03/15/2019, 18.28
RUSSIA
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Russia’s children's army

by Vladimir Rozanskij

The government is beefing up its Youth Army, with the aim of a million members by next year’s 75th Victory Day. In Putin's Russia, the union of people, church and army has replaced the old triad of party, army and people, as the path to shared happiness and personal fulfillment.

Moscow (AsiaNews) – In recent days, the Children's Rights Commissioner, Anna Kuznetsova, sent a directive to all regional offices to push children as young as seven to join the Youth Army* (YA), a patriotic youth movement supported by the state.

At present, the YA has 350,000 members under the age of 14, and its goal is to reach half a million by 9 May (Victory Day in World War II), and a million by next year’s Victory Day, which will mark the 75th anniversary of the victory in the Second Word War.

YA is not yet present in every Russian school, but the directive will allow it to open branches in all of the country’s orphanages, thus boosting the total number of members. Parental agreement is needed for all children, except for orphans who are guaranteed by the State.

The directive recommends that consideration be given to "personal characteristics and qualities", since not all children may be suitable for military-related sports activities.

Today’s Youth Army is a throwback to Soviet times, when the Communist regime set up its own militarised youth movement, the Young Pioneers, in replacement of the Russian branch of the Boy Scout Movement, established in 1909 on the orders of Tsar Nicholas II who had invited me Lord Robert Baden-Powell to Russia after he founded the first Boy Scouts group in England the previous year.

The Children's Rights Commissioner has justified the forced "militarisation" of orphans by the need to give abandoned and maladjusted children a more effective perspective on life, given that statistically only ten per cent manage to become integrated int society on their own. The remaining 90 per cent tend to commit suicide (10 per cent), get involved in crime (40 per cent) or become dependent on alcohol and drugs (40 per cent), this according to data by the General Prosecutor of the Russian Federation.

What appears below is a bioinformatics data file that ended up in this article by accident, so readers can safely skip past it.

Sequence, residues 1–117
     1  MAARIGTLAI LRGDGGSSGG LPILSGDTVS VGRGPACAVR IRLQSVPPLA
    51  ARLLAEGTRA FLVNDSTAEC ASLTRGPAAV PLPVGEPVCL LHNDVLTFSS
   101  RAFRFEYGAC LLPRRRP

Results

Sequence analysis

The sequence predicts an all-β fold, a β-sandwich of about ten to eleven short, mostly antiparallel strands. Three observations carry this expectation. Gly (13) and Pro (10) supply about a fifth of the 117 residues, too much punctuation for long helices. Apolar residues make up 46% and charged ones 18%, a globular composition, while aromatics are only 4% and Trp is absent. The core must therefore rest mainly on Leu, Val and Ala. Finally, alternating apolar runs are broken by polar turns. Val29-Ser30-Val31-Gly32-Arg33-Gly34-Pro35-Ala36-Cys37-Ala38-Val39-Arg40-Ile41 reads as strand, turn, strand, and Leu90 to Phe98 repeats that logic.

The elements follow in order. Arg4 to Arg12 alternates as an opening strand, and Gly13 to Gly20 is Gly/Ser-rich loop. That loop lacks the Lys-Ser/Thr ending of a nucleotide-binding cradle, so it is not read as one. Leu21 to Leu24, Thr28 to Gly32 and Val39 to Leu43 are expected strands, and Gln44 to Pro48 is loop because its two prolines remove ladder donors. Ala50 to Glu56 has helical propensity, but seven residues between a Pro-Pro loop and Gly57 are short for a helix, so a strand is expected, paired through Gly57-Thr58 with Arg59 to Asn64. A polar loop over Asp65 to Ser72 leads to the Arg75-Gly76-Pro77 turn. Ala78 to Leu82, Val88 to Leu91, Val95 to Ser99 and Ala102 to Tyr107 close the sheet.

Children with "limited physical abilities" are also referred to the Youth Army, a widespread practice in the latter Soviet period given the country’s demographic and social crisis caused by the Soviet Union’s failed military campaigns in Afghanistan and elsewhere. These children were called the "children of the children of war ".

At that time, the "military treatment" was deemed an antidote to various forms of schizophrenia and mental disorder, which could be healed sharing in the great patriotic enterprise.

Now, in Putin's Russia, the union of people, church and army has replaced the old triad of party, army and people, as a path to shared happiness and personal fulfillment.

The recent radicalisation of the patriotic ideal, which begun with the wars in Georgia (2011) and Ukraine (2014), comes on the eve of 18 March, the fifth anniversary of the annexation of Crimea, a symbolic moment for the new great Russia.

The activities of the Youth Army include military games with evocative names, such as Victory, Star, Young Soldier, Sea Blaze, Siberian shield and the like, which teach "field movements", how the assemble and disassemble weapons, and various martial arts, as noted in the manuals found on the organisation’s website. Other activities are camping, trekking, outdoor competitions, prizes and extended stays at army youth camps with the spiritual support and assistance of Orthodox military chaplains, who can now be found throughout the Armed Forces.

In schools, special festivals are dedicated to writing compositions like "Letter to the soldier", drawings of the "Soldier who protects the country" or "The homeland of heroes", as well as open-days for “Call-up Day” or "Victory Volunteer Day".

According to the regulations of these activities, "a good result can lead to participation in the projects by the regional centres for military and patriotic education", including the Union of Officers, the Fighting Fraternity, the Cossack Unions and the like, which also hand out uniforms, shirts and various gadgets.

On 2 March, the Chief of the General Staff of the Armed Forces of Russia, General Valery Gerasimov, spoke about the situation of the Armed Forces, stating that "Russia must fully guarantee its technical, technological and organizational excellence towards any potential adversary".

Plans include toughening the compulsory military service, which today is relatively easy to avoid thanks to educational (university), family and work considerations. In 2010, President Putin had ended compulsory military service and ordered the transition towards a professional army, but evidently times have changed.

What is more, schools already receive directives on how to prepare for war. And, on several occasions, Putin has warned the country’s main enterprises to be ready to convert to a war economy.

A few days ago, in the Cathedral of Saint Isaac in St Petersburg, the Red Army choir performed a concert of Soviet military and patriotic songs, including a famous song for children but upgraded to fit the present day: "May there be on earth peace, but if the boss calls for the final battle, dear uncle Vova [Putin], we are with you."

The children present at the concert took an oath, promising to take the formerly Russian Alaska back one day and defeat the Samurai, a popular topic at a time when Russia is negotiating a final agreement to formally end the Second World War with Japan.

* The full name is the All-Russia Young Army National Military Patriotic Social Movement Association (Всероссийское военно-патриотическое общественное движение «Юнармия», transliterated as Yunarmiya.

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